Put it this way.... I've merged onto the highway on quite a number of occasions thinking the engine would fire up, only to notice at a critical time (too busy to reach down to push the EV/HV button) that I was actually using up precious limited electricity. Seeing EV happen like that without even trying is good confirmation Prime will be able to handily deliver.
     
    #435 john1701a, Mar 25, 2016
    Last edited: Mar 25, 2016
  16. finman

    finman Senior Member

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    oh, I don't know, maybe for fun? 'dropping the pedal'
     
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  17. Tideland Prius

    Tideland Prius Moderator of the North
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    No. The design of the rear window and rear spoiler were equal parts design and aerodynamics. It does improve Cd by a tiny amount but the final Cd is to be confirmed so I can't realise the number. It is a very slight improvement.

    I guess you could use RainX or treat it like a sedan.

    That's correct. It will function like the Volt.

    There's no hump in the back (floor or seat. The console is low enough).

    Just to be clear, it's for the Prius Liftback only but apparently @Trollbait found the manual said nothing to that effect in North America. It is rated in the UK.

    2016 Toyota Prius review | Autocar


    You can slide across as the console isn't particularly tall.

    True but the engine maintenance mode runs every 300km so might as well have it charge the battery.

    I wasn't. I was actually referring to the 2016 Liftback.

    Liftback!! Sorry for the confusion.

    It is. The centre of the car is identical to Liftback.

    Well as far as the Gen 4 Liftback is concerned. The US/Canada manual says towing is not recommended. But it is rated for 725kg of towing in the UK.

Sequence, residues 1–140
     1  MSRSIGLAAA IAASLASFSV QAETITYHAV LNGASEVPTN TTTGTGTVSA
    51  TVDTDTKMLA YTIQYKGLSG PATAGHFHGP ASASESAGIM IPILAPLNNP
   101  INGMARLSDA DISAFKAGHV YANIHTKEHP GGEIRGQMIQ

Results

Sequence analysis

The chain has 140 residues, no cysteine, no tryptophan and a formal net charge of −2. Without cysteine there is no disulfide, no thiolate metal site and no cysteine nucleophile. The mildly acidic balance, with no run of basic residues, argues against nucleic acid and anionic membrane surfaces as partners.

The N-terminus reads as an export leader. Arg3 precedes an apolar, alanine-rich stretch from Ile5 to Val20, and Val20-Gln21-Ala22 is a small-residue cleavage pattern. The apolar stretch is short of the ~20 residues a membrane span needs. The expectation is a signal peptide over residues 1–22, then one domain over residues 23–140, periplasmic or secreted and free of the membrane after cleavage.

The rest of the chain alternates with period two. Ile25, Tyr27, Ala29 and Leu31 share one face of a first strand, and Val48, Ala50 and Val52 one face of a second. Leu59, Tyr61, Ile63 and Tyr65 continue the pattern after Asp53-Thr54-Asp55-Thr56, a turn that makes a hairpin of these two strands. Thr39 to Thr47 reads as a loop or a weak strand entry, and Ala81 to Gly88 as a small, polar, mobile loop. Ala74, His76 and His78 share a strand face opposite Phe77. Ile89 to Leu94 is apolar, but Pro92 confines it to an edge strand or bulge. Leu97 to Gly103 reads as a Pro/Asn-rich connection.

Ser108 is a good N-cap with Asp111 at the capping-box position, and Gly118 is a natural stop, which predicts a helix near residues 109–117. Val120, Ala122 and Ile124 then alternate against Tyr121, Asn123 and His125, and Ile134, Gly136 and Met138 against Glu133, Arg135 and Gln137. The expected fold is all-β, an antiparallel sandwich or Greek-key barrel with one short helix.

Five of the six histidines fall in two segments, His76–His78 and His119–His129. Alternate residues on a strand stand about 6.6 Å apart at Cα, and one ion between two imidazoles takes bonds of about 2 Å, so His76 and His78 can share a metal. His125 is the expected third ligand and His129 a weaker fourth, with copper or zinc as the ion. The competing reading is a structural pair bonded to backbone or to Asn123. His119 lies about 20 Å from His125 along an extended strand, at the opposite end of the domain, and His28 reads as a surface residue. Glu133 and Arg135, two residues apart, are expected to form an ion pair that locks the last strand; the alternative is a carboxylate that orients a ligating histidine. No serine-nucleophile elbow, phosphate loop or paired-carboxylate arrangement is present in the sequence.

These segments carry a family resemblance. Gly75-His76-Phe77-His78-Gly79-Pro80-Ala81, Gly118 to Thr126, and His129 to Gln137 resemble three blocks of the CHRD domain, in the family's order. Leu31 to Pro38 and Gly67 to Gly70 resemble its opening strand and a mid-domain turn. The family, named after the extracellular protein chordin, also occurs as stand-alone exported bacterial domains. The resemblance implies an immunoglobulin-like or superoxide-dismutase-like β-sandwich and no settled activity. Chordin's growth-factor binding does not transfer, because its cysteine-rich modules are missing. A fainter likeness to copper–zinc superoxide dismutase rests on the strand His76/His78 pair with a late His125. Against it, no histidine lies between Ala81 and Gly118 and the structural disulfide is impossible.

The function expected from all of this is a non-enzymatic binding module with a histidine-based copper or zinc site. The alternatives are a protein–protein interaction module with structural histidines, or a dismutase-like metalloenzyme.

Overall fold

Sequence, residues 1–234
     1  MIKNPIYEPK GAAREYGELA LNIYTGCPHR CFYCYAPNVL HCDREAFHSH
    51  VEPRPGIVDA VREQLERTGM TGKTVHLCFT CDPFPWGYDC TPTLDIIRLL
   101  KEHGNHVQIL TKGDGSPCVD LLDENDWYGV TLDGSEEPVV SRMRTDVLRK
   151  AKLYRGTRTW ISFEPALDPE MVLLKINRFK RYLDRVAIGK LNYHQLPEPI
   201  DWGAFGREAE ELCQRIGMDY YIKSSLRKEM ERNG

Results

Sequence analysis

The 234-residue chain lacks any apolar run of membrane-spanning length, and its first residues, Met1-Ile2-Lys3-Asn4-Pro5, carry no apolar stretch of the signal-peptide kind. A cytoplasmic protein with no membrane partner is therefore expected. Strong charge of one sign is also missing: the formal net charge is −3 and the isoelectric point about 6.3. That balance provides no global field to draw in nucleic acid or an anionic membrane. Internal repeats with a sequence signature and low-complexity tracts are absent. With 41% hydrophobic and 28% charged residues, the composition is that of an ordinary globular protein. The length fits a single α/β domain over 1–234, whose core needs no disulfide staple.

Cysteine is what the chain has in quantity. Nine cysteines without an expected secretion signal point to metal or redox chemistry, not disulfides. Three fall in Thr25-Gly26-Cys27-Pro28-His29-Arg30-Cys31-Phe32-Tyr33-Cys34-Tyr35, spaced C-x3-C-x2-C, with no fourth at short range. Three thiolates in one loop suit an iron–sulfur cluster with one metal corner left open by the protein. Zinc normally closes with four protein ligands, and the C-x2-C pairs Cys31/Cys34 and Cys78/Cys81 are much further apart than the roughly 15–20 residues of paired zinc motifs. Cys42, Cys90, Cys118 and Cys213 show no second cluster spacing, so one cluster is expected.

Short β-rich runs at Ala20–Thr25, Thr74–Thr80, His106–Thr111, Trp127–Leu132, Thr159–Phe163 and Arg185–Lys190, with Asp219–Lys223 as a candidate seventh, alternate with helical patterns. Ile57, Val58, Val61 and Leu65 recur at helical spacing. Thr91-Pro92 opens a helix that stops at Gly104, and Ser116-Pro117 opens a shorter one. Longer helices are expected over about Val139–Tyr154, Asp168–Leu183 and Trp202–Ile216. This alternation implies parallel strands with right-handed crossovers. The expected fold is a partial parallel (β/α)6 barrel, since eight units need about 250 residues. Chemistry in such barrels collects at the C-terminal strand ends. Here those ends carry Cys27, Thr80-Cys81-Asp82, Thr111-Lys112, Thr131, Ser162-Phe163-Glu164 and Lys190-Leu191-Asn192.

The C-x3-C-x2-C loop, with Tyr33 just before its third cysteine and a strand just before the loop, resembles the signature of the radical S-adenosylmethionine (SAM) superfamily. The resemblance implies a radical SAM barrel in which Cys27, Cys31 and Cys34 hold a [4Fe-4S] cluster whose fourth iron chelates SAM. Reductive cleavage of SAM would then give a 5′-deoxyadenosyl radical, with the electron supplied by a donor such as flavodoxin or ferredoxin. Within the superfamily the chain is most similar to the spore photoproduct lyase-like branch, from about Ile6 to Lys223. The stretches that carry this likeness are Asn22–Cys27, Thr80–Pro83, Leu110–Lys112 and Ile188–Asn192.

Hmm, the trim levels weren't supposed to be revealed.

    Hi/Lo heated seats. Same as Gen 4.

    Heated steering wheel is available. (There's a button for it on the blue car which looks like is the top model)

    The black trim for the front centre console and the rear cupholders is the black trim appliqué 2.0. It covers the front cupholders better than the 1st generation (which still shows the white trim). Standard is still bone china trim.

    No wireless charging will be offered until a global standard is set. They are developing and working on it, of course, so that they're ready when that happens.

    No spare. The only thing that lifts is the cover near the edge of the trunk (near the rear bumper) to store the tonneau cover, tire iron and charging cable.

    Mebbie... ;)

    Nope. Same interior as the Gen 4. You sit beneath the roof and not the rear window.

    Note that under EV Drive mode (C-D), it can use both MG1 and MG2 to power the vehicle, effectively increasing the power and torque rating in EV Drive mode.
     
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  18. inferno

    inferno Senior Member

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    Anyone remember when they announced the first pip? Or did the not announce it? There was some sort of driving program that was successful.

    My question is... Didn't the production model change? The prototype I believe had two batteries, one nimh and another li-ion with a larger range. Charge port in front and I think the trunk was protruding as well.

    Maybe Toyota can fix the back and have a 5th seat. Please Toyota. And bring in the solar trickle charge also. Interesting they'd list models as prototypes because generally they do differ from their production counterparts
     
  19. Jeff N

    Jeff N The answer is 0042

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    Apparently, my assumptions were faulty. Prius Prime is an EREV!

    At least according to Tideland Prius and Toyota spokesperson Nathan Kokes quoted in AutoBlog:

     
  20. inferno

    inferno Senior Member

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    Toyota engineer states the 5th person would require more reinforcement for a 250 lb person for large Americans...

    OK, so how did the energi, volt, and ion do it. I think most of them weighed more. Maybe they wanted higher hv mpg or get that 120mpge